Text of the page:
On Wed, Dec 30, 2015 at 07:37:19PM +0100, Paul Kocialkowski wrote: > Le mercredi 30 décembre 2015 à 16:33 +0000, Mark Brown a écrit : > > On Wed, Dec 30, 2015 at 09:35:21AM +0100, Paul Kocialkowski wrote:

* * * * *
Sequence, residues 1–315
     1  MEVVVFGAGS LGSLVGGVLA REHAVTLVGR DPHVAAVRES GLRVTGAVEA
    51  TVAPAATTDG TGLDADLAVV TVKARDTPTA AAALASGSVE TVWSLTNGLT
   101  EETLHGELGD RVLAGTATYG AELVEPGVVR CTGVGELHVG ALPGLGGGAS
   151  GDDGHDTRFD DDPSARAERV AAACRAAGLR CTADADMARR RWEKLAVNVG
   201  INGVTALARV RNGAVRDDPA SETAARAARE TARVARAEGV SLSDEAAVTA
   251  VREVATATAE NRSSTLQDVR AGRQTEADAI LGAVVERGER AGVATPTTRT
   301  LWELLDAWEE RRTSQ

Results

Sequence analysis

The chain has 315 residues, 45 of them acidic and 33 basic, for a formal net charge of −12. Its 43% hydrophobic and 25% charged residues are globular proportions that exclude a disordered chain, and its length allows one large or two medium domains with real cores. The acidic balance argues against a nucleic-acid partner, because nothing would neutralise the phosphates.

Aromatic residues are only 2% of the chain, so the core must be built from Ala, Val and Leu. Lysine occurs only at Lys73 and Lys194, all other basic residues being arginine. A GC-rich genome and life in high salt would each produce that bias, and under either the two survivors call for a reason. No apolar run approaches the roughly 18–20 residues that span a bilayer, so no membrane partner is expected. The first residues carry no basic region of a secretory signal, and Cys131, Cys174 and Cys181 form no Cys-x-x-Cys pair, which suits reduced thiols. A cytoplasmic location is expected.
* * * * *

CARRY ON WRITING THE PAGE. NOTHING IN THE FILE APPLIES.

> > > In my opinion, it would be more elegant to adapt the core regulator > > > framework to first enable the GPIO and then call the regulator enable > > > ops callback instead of handling the GPIO in the driver. > > Why would we want to actively manage both things at runtime? It's more > > work, what do we gain from it? > Well, I figured that it would be best to disable the EN pin when we're > not using any of the regulators, since that allows the chip to enter > standby mode (and thus consume less power). This doesn't sound like it's anything to do with the regulators, that's a chip wide power management function which should be implemented via runtime PM if there's any value in implementing it at all (if the device is a primary PMIC normally this would be handled by the CPU core when it enters low power state without any software). It's not something we should be considering on a per regulator basis since it's at the chip level and on a per regulator basis it's not doing anything useful for the reasons above. > It also doesn't hurt regulators that only use a GPIO for enable. It causes problems for any device with an optional GPIO, it means that we end up mantaining both GPIO and register which as I've said a couple of times now defeats the point of having the GPIO.
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